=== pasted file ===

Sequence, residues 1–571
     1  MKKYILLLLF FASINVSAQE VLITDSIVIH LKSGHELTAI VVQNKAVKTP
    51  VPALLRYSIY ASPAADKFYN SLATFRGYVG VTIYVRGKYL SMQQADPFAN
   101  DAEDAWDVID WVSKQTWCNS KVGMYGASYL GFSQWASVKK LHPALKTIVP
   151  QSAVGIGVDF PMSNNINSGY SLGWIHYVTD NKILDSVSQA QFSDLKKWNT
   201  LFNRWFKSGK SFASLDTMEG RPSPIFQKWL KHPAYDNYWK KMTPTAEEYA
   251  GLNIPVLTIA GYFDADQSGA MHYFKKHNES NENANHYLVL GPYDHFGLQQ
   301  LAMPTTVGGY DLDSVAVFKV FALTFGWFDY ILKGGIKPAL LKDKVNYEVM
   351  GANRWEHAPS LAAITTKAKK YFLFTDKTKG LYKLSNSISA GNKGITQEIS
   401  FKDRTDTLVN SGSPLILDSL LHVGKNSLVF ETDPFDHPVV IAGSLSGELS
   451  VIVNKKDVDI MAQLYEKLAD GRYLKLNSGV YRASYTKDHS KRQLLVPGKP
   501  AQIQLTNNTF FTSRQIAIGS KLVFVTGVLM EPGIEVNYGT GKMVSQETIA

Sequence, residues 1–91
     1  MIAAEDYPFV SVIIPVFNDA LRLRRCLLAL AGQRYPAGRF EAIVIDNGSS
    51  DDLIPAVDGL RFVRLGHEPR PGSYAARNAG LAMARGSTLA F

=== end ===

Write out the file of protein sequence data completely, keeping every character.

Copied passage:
Sequence, residues 1–571
     1  MKKYILLLLF FASINVSAQE VLITDSIVIH LKSGHELTAI VVQNKAVKTP
    51  VPALLRYSIY ASPAADKFYN SLATFRGYVG VTIYVRGKYL SMQQADPFAN
   101  DAEDAWDVID WVSKQTWCNS KVGMYGASYL GFSQWASVKK LHPALKTIVP
   151  QSAVGIGVDF PMSNNINSGY SLGWIHYVTD NKILDSVSQA QFSDLKKWNT
   201  LFNRWFKSGK SFASLDTMEG RPSPIFQKWL KHPAYDNYWK KMTPTAEEYA
   251  GLNIPVLTIA GYFDADQSGA MHYFKKHNES NENANHYLVL GPYDHFGLQQ
   301  LAMPTTVGGY DLDSVAVFKV FALTFGWFDY ILKGGIKPAL LKDKVNYEVM
   351  GANRWEHAPS LAAITTKAKK YFLFTDKTKG LYKLSNSISA GNKGITQEIS
   401  FKDRTDTLVN SGSPLILDSL LHVGKNSLVF ETDPFDHPVV IAGSLSGELS
   451  VIVNKKDVDI MAQLYEKLAD GRYLKLNSGV YRASYTKDHS KRQLLVPGKP
   501  AQIQLTNNTF FTSRQIAIGS KLVFVTGVLM EPGIEVNYGT GKMVSQETIA

Sequence, residues 1–91
     1  MIAAEDYPFV SVIIPVFNDA LRLRRCLLAL AGQRYPAGRF EAIVIDNGSS
    51  DDLIPAVDGL RFVRLGHEPR PGSYAARNAG LAMARGSTLA F